There are several narratives at work in Red Dead Redemption 2, and one of the most important ones is that of violence. In a sense, this is the original concept of the game. The entire game is born out of a line from John Marston in RDR1 that he left the Dutch Van der Linde Gang when it became too violent. RDR2 is the story of that moral decay. In Chapter One we are given hints that Dutch killed an innocent woman during a botched robbery. Arthur doesn’t witness it, but the news disturbs him. Chapter Two sees the gang seemingly land back on their feet. At this point there’s a sense of hope and optimism. Everyone assumes life will go on as normal, and they get back to the business of making money from various schemes, be it rustling cattle or robbing banks. Classic outlaw stuff. I enjoyed this chapter because it’s the most classically western in tone. I’d say it’s my second favorite, after Chapter One. Chapter Three sees the gang flee to the swamps of Lemonye in order to lie low. The pressure is on, the mood is more tense, but we haven’t reached a boiling point yet. The Deep South seems like a good place for the gang to hide, so long as it earns its money quietly. Things get a little more desperate in Chapter Four- which for me is one of upheaval. It is perhaps the episode with the most significant changes. It begins with young Jack getting kidnapped by the Mafia, before a devastating assault by the O’Driscolls reveals that Kieran Duffy has been decapitated shortly after having his eyes gouged out, and ends with a disastrous bank heist that leaves Hosea and Lenny dead. A lot of fans consider the end of Chapter Four as a turning point in the gang’s history. It’s the most tumultuous period for the gang and establishes the dividing lines that will tear it apart later on. The death of Hosea is particularly significant, in that he represents the gang’s conscience. His presence had hitherto upheld this code that the gang only kills if it has to, and preys upon the rich. This strange sense of outlaw chivalry is actually rooted in real history, as the James-Younger Gang were known for checking the hands of those they robbed on train heists. If the person’s hands were worn and dirty, they left them alone as they were probably manual workers. If you had immaculate, dainty white hands with smooth, soft skin and slim, delicate fingers, you were buggered. Even though Dutch is the leader and face of the gang, Hosea is the co-founder and the decisions are often jointly-made between them. Hosea is the perfect counter to Dutch’s charisma and willpower, in that he is rational and even-tempered. Without Hosea in the way, the recklessly-violent Micah is free to influence Dutch’s decision-making. Chapter Five shows the effect of this a little bit with the aforementioned granny-bashing scene, but in my opinion drags on too long with pointless action sequences and tower-defense modes. Chapter Six is much better (in my humble estimation). Dutch becomes increasingly reckless as Micah gains his ear, and quickly starts hatching schemes that he never would have with Hosea around. The way Micah slowly emerges as the villain of the game is actually really interesting. Up until Chapter Six he’s a pretty minor character, one that seemingly serves as the token psycho of the group. But I like that his violent nature isn’t just to make him colorful or whacky. It’s a part of the moral dialogue of the narrative. His character is something that’s discussed throughout the game, and it affects the course of events. At first I wondered if he was just included in the game the way Trevor was in GTA V, whose immorality exists for entertainment purposes. But this isn’t the case- he’s a career criminal whose immorality is the product of a troubled upbringing. And what I find really fascinating about Micah is that he doesn’t want to be the leader of the gang- he wants to exploit Dutch’s creativity and charisma to make a big score. It shows how powerful Dutch’s name is- that even years later, when Micah has his own gang, he still wants a lone Dutch to come back and orchestrate things. His attitude toward Dutch is tantamount to a possessive child that wants to be best friends with the popular kid and remain the trusted number two.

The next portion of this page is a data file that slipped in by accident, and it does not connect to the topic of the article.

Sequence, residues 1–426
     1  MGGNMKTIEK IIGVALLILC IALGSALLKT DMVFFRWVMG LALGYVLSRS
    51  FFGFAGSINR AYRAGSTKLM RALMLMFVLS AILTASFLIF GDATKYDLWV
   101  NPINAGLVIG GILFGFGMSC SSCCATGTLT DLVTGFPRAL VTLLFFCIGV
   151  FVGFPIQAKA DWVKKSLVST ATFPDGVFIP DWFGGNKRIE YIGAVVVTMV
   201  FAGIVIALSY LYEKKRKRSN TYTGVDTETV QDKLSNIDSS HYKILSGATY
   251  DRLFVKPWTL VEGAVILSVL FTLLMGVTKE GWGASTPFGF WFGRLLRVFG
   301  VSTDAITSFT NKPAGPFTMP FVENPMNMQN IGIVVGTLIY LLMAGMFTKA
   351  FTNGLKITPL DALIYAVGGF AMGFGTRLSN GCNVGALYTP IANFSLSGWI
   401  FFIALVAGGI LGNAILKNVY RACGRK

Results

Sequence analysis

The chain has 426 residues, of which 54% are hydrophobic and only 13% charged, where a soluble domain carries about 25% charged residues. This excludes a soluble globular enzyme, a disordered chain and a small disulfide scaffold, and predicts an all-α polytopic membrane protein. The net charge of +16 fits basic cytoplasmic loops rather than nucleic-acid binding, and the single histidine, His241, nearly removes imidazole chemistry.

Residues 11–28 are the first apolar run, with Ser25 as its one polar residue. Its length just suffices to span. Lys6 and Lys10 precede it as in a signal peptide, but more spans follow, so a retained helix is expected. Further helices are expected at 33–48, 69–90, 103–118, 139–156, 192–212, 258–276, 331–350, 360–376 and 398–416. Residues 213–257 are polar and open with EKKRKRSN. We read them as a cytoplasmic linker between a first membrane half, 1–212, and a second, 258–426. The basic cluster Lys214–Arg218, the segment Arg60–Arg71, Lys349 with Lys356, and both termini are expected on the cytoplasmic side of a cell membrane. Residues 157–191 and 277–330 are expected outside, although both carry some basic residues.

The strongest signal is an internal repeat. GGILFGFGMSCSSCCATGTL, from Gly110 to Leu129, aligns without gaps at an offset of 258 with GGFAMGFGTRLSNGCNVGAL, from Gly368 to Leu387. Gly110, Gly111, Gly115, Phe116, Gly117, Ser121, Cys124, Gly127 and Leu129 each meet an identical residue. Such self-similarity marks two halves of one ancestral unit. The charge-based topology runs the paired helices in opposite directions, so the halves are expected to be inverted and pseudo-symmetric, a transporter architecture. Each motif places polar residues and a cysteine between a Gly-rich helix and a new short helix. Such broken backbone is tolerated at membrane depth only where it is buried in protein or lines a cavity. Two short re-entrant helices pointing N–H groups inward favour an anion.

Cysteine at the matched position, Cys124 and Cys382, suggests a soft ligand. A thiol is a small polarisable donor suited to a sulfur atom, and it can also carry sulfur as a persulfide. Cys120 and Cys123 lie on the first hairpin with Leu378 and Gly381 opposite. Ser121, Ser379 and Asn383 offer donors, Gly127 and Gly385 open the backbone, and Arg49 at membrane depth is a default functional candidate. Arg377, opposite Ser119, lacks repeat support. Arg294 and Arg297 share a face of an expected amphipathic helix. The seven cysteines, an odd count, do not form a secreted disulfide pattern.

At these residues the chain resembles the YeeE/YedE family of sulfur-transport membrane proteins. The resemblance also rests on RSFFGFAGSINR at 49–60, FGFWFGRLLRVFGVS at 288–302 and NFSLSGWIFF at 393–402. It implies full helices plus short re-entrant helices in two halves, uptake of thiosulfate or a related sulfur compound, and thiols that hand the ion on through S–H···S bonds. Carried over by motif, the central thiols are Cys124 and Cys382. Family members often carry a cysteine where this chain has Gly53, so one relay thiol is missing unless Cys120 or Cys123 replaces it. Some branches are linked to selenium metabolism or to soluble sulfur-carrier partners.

In my previous post I talked about the characters existing as vessels for the themes Rockstar wants to explore. Dutch, as I said, seems to represent the theme of the changing times, as he hopelessly tries to fight a battle that he can’t possibly win. Micah, on the other hand, represents this theme of violence I’ve been referring to. He’s a testament to the brutality of the Old West, in that the source of his violence comes from the life of crime and struggle he was born into. He brings out the worst in Dutch, and his violent nature spreads like a poison, which dismantles the gang from within. All sense of family and loyalty is lost as several members flee for their lives.
Again, the themes are intertwined with the gameplay. Not only do the missions become more violent from Chapter Four onward, but they also become more senselessly violent. Perhaps chief among them is the armed conflict between the Wapiti Indians and the US military. It’s exciting stuff, but it’s also infused with this sense of tragedy. The whole situation feels regrettable and unnecessary, which adds some emotional weight to all the death.
But of course, the story doesn’t end with the breakdown of the gang and the death of the protagonist. There’s an 8-10 hour epilogue that bridges the gap between RDR2 and RDR1. This epilogue is so well-executed that it deserves its own post. It’s hard to separate the various parts of the story because they’re all so good in their own way. As I said, Chapter One was perhaps my favorite when taking into account each chapter as a working whole- but undoubtedly a lot of my favorite moments take place in Chapters 4 and 6. What about you? I’d love to get a discussion going in the comments! Let me know what your favorite moments were in the game and why you liked them. Thanks for reading!
One Reply to “Red Dead Redemption 2 Review Part 3 – Cruel, Cruel World (Spoilers)”